In Conclusion

So, now you know the difference between “don’t worry” and “no worries”! We also know that “no worry” and “don’t worries” are incorrect forms of the idiom.

Use the correct expression in the correct situation, and your friend will be reassured that everything is okay! Or use some of the alternative ways to express yourself.

Thanks for reading! How do you tell others not to worry? Let me know in the comment section below!

Language Pack

6-Day English Challenge

Sign up for my free 6-day challenge + English vocabulary planner to improve your English skills. Practice for just 10 minutes per day and see the results! Sign up here.

One-on-One and Group Classes (Free Trial!)

Language lessons and targeted rapid learning at Lingoda to improve confidence. Classes are available 24/7 in English, Business English, German, French, and Spanish. Get a 7-day trial here.

Learn to READ AND WRITE

Learn how to write the letters of the alphabet and common English words with my printables available here. Improve early reading scores by 74% with the early learning program Homer.

Most Common Words in English

Did you know 3000 words in English make up about 95% of everyday conversation? Learn the 2000 most common words in English completely FREE when you sign up for English Class 101— no credit card required! Also, check out their monthly free gifts selection.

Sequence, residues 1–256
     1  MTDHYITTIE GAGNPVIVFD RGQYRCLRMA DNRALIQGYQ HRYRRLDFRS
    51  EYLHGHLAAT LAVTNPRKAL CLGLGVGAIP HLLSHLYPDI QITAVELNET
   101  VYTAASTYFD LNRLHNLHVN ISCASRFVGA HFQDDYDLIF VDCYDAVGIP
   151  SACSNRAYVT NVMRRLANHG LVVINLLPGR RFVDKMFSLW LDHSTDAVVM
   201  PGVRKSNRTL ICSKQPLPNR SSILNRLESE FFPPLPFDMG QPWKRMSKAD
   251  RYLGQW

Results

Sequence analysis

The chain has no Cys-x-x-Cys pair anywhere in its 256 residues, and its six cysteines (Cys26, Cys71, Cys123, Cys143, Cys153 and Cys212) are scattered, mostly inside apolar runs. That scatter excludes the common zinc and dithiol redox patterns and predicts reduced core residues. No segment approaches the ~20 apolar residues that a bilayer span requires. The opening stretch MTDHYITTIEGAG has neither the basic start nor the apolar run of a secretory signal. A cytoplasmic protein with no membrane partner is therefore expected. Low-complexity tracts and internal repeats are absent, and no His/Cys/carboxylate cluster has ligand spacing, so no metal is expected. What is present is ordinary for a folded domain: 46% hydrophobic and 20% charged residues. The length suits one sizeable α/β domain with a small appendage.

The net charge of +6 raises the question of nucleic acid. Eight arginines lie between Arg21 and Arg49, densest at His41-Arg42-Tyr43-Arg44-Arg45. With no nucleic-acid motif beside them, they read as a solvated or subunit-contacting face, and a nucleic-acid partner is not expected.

English Language Learning Videos

Study and learn English independently and at your own pace with the successful Building Your English Brain and English Vocabulary Launch: Upgrade your Speaking (intermediate).

Useful Links

Caitriona Maria is an education writer and founder of TPR Teaching, crafting inspiring pieces that promote the importance of developing new skills. For 7 years, she has been committed to providing students with the best learning opportunities possible, both domestically and abroad. Dedicated to unlocking students' potential, Caitriona has taught English in several countries and continues to explore new cultures through her travels.

About the author
Caitriona Maria
Caitriona Maria is an education writer and founder of TPR Teaching, crafting inspiring pieces that promote the importance of developing new skills. For 7 years, she has been committed to providing students with the best learning opportunities possible, both domestically and abroad. Dedicated to unlocking students' potential, Caitriona has taught English in several countries and continues to explore new cultures through her travels.
Subscribe
Notify of
guest
0 Comments
Inline Feedbacks
View all comments

You cannot copy content of this page